It's November, the day after the election and after my new book was published. I'm once again sitting at my dining room table or, as I like to call it, “school.” My first grader is watching yet another video on word sounds before he completes yet another worksheet. My sixth grader is taking a pretest in science with her brows furrowed in concentration. Weeks ago, we had to pull her from the county's virtual school and move her to online homeschool. She's beginning to like school again, a small victory.
I'll take the smallest victories right now. Any victory really.
Distractions, Distractions, Distractions
While they do schoolwork and I don't have to actively guide them through their lessons, I'm frantically typing this column. My brain is distracted. My brain is usually somewhat distracted because of my ADHD. Drinking a lot of coffee helps, but as months of the pandemic stretch on, my brain is more distracted than ever before. I'm being pulled in too many directions all at once. I should be writing. This is one of my only pockets of time to write. And yet, I can't.
My attention is pulled to the news as I resist my desire to furiously check and recheck election results. My attention is pulled to the book promotion that I'm dodging because there are too many other things to do: finishing an assignment for another looming deadline, helping my first grader with spelling and sight word tests, teaching my sixth‐grader how to schedule her assessments, worrying over my stepdad's new round of radiation for his stage 4 cancer, and observing and worrying over the surge of COVID‐19 cases. I would rather be watching an episode of Justified than tackling all the work that lies ahead of me.
I should be writing. I try to force myself to focus. I know there will be yet another interruption coming soon. There always is.
Working while Mothering
On any given day, I never know how long I'll have before I need to switch roles. I constantly shift: writer and editor, elementary school teacher or middle school teacher, mom, partner, daughter or some combination of all of them. More distraction, not less. I'm always overwhelmed and tired. I rush to get as much work done as I can before anyone needs me. Later, I'll need to revise and revise again what I've written in these small pockets of time. I've come to realize that I'm not the best writer or editor with my children sitting right beside me. Work takes so much longer during a pandemic. I work so slowly that some days I want to tear my hair out. (I haven't. Yet.)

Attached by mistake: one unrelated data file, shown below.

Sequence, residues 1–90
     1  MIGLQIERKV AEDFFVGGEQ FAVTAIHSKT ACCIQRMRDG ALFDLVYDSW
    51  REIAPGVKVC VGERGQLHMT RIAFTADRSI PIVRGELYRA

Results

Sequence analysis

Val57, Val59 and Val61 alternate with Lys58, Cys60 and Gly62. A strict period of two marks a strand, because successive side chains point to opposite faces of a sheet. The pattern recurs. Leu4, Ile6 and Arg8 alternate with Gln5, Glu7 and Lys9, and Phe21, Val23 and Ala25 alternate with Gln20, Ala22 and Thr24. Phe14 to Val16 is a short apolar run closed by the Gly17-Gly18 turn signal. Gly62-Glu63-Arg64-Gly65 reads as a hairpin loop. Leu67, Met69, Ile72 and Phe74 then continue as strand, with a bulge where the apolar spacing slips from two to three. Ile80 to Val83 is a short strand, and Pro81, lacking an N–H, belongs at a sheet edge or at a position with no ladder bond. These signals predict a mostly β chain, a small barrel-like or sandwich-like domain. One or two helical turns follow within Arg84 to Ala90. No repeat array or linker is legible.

I think about being a working mother during the pandemic often because I am one. I've already written a column about how COVID‐19 exacerbates the motherhood penalty at work, in which employers view mothers as less serious and less competent at their jobs than other employees.
For many women, the motherhood penalty is becoming worse as the pandemic rages on. NPR reports that in September, 865,000 women dropped out of the workforce in the United States, which is four times more than the amount of men who did. From March through September, over 2.6 million women left the workforce entirely. There are greater consequences for some women more than others: Black and Latinx women are facing the steepest unemployment rates, according to CNBC, both at around 11%.
Mothers Bear the Burden
The women who haven't yet left or have been forced out of their jobs are still thinking about quitting or scaling back their careers. I know I still do. The Women in the Workplace Report 2020, from McKinsey & Company and Lean In, found that one in four women have considered “downshifting their careers or leaving the workforce due to COVID‐19.” The report focuses on women in corporate jobs from over 300 companies and surveys over 40,000 employees. Their data show the current burdens that working women face or the likely negative consequences for gender diversity in the workplace. (No, duh.)
CNBC pulled these important findings from the report: “[M]others are three times as likely as fathers to be responsible for a majority of housework and childcare during COVID‐19. Mothers are also twice as likely as fathers to worry that their work performance is being judged negatively because of their caregiving responsibilities during the pandemic.”
Women are losing jobs, doing more child care and housework and taking care of other relatives who are unable to care for themselves. The pandemic's costs weigh heavily on our shoulders. COVID‐19 makes clear what many women already know to be true: Gender inequality is still the norm at work and at home. Patriarchy continues to be a heavy weight on our shoulders too.
Working mothers' careers are getting derailed. Working mothers are passing up opportunity after opportunity that could improve both their careers and their lives. Working mothers are quitting their jobs if downscaling isn't an option. Losing your salary has immediate and long‐term impacts. We don't know exactly what the consequences of the pandemic will be for women, but they could be dire.
For working mothers to continue to have careers or be able to move back into the workforce, employers must recognize the pandemic's toll on women. Working mothers aren't okay. I know I'm not. We need employers who understand what we are going through. So, when my first grader interrupts a Zoom meeting shirtless and holding an angry cat, my boss assures me it's okay. And it should be okay. Employers should support working mothers, not penalize us for things we can't control.
Editor's note: The photo above is a shot of me and my kids at our school/work table. It could be from any given morning.
Photo credit: Chris Baker